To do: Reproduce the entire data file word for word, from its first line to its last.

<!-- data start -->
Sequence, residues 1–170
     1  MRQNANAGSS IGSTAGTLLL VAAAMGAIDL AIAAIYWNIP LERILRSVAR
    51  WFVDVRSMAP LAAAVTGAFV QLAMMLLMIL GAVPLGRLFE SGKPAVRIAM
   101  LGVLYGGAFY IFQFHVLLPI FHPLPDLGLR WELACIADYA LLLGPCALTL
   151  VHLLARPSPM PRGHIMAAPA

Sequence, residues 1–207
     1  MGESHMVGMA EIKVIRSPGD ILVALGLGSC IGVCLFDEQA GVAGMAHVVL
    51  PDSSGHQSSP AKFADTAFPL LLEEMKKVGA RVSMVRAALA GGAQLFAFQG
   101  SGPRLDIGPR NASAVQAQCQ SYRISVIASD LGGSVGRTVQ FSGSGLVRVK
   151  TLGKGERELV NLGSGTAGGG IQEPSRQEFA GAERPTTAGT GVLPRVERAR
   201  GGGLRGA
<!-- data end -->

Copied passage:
Sequence, residues 1–170
     1  MRQNANAGSS IGSTAGTLLL VAAAMGAIDL AIAAIYWNIP LERILRSVAR
    51  WFVDVRSMAP LAAAVTGAFV QLAMMLLMIL GAVPLGRLFE SGKPAVRIAM
   101  LGVLYGGAFY IFQFHVLLPI FHPLPDLGLR WELACIADYA LLLGPCALTL
   151  VHLLARPSPM PRGHIMAAPA

Sequence, residues 1–207
     1  MGESHMVGMA EIKVIRSPGD ILVALGLGSC IGVCLFDEQA GVAGMAHVVL
    51  PDSSGHQSSP AKFADTAFPL LLEEMKKVGA RVSMVRAALA GGAQLFAFQG
   101  SGPRLDIGPR NASAVQAQCQ SYRISVIASD LGGSVGRTVQ FSGSGLVRVK
   151  TLGKGERELV NLGSGTAGGG IQEPSRQEFA GAERPTTAGT GVLPRVERAR
   201  GGGLRGA